Yesterday (April 22) the second of three televised debates took place between the three party political leaders contesting the 2010 election: Gordon Brown, David Cameron and Nick Clegg.
A largely unexpected surge in Liberal Democrat support over the last week has attracted plenty of media attention – much of it brazenly hostile – and led some commentators to predict a hung parliament.
The last time we saw a parliament with no political majority was as long ago as 1974: some people reading this blog were not even born 36 years ago.
Will this happen – and what, if anything, will it mean for the haulage industry? It’s pretty hard to tell, the Freight Transport Association (FTA) claimed this week, as none of the three main political parties supposedly displayed a clear commitment to the logistics sector in their election manifestos.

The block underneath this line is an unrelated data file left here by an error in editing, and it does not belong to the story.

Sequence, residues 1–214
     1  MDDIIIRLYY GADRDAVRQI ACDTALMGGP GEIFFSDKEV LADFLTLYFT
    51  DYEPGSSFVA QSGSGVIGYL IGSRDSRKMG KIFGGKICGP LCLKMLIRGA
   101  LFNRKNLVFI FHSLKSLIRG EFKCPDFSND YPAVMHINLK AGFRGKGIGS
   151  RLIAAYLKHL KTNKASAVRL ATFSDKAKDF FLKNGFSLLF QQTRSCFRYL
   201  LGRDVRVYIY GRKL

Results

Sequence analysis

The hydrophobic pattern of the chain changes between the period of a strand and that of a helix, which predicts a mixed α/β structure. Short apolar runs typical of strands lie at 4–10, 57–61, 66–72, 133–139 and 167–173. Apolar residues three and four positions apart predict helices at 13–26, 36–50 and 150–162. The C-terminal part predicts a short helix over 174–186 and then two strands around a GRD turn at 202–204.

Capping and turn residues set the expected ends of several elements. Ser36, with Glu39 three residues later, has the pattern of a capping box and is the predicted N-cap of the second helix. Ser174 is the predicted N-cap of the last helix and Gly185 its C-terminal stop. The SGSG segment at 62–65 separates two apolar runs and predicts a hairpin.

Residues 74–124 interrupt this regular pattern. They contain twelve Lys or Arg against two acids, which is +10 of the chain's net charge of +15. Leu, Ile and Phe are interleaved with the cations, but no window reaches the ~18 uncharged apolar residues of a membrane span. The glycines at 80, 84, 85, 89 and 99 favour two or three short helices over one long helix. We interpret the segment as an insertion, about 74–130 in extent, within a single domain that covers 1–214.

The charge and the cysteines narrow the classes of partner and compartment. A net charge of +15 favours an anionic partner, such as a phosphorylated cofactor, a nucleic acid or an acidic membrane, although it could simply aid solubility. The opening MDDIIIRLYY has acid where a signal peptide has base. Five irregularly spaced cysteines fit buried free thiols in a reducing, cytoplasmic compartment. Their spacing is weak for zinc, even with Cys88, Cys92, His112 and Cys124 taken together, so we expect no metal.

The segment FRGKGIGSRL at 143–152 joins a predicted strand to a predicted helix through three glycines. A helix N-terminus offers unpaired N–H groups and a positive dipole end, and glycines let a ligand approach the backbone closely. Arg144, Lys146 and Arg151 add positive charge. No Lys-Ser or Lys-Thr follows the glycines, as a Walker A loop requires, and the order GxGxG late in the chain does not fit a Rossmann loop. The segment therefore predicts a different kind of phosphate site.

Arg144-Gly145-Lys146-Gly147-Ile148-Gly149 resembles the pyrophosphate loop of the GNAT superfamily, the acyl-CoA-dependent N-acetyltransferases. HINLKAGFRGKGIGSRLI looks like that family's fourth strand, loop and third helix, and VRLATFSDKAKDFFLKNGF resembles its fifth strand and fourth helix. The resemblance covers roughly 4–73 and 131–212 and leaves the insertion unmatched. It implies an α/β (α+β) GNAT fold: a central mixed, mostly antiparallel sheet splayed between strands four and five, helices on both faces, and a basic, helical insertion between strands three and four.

While the manifestos do refer to some “vitally important areas affecting the logistics sector”, including aviation tax, a third runway at Heathrow and road pricing, none, says the FTA, display a clear commitment to improving the country’s transport infrastructure.
In a newly published ‘logistics manifesto’, the FTA has called on whichever party comes to power to make such an investment, which it claims will benefit both the economy and the environment.
Here at The Fuelcard Company, we have long believed that the haulage industry is an unheralded hero of the British economy. Britain’s lorry drivers keep UK retail and industry on the road, quite literally. If there’s one sector that deserves some firm expressions of political support, it’s haulage.
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